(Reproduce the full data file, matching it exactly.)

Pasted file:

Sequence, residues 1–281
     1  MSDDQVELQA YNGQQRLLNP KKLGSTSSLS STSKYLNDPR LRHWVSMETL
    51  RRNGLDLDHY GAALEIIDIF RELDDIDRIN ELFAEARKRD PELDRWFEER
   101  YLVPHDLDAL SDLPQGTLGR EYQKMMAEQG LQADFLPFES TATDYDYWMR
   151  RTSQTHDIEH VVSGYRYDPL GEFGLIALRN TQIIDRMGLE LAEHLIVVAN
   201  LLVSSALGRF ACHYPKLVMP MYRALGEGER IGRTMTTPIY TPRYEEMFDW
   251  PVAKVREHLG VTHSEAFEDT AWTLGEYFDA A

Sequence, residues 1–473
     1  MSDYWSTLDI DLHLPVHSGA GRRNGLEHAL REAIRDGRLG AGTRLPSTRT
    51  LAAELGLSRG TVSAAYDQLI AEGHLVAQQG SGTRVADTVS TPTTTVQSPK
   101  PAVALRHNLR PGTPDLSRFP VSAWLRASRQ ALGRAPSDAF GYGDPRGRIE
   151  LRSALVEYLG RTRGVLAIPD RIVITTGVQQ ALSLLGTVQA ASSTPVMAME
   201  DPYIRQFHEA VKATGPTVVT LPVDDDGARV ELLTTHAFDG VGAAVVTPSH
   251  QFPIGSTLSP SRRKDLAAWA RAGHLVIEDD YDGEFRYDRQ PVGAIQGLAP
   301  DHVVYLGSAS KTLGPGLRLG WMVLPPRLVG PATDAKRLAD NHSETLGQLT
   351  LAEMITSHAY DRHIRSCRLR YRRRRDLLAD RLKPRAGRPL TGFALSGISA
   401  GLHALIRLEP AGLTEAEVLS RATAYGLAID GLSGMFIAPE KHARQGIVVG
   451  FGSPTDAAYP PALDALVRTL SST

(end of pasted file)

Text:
Sequence, residues 1–281
     1  MSDDQVELQA YNGQQRLLNP KKLGSTSSLS STSKYLNDPR LRHWVSMETL
    51  RRNGLDLDHY GAALEIIDIF RELDDIDRIN ELFAEARKRD PELDRWFEER
   101  YLVPHDLDAL SDLPQGTLGR EYQKMMAEQG LQADFLPFES TATDYDYWMR
   151  RTSQTHDIEH VVSGYRYDPL GEFGLIALRN TQIIDRMGLE LAEHLIVVAN
   201  LLVSSALGRF ACHYPKLVMP MYRALGEGER IGRTMTTPIY TPRYEEMFDW
   251  PVAKVREHLG VTHSEAFEDT AWTLGEYFDA A

Sequence, residues 1–473
     1  MSDYWSTLDI DLHLPVHSGA GRRNGLEHAL REAIRDGRLG AGTRLPSTRT
    51  LAAELGLSRG TVSAAYDQLI AEGHLVAQQG SGTRVADTVS TPTTTVQSPK
   101  PAVALRHNLR PGTPDLSRFP VSAWLRASRQ ALGRAPSDAF GYGDPRGRIE
   151  LRSALVEYLG RTRGVLAIPD RIVITTGVQQ ALSLLGTVQA ASSTPVMAME
   201  DPYIRQFHEA VKATGPTVVT LPVDDDGARV ELLTTHAFDG VGAAVVTPSH
   251  QFPIGSTLSP SRRKDLAAWA RAGHLVIEDD YDGEFRYDRQ PVGAIQGLAP
   301  DHVVYLGSAS KTLGPGLRLG WMVLPPRLVG PATDAKRLAD NHSETLGQLT
   351  LAEMITSHAY DRHIRSCRLR YRRRRDLLAD RLKPRAGRPL TGFALSGISA
   401  GLHALIRLEP AGLTEAEVLS RATAYGLAID GLSGMFIAPE KHARQGIVVG
   451  FGSPTDAAYP PALDALVRTL SST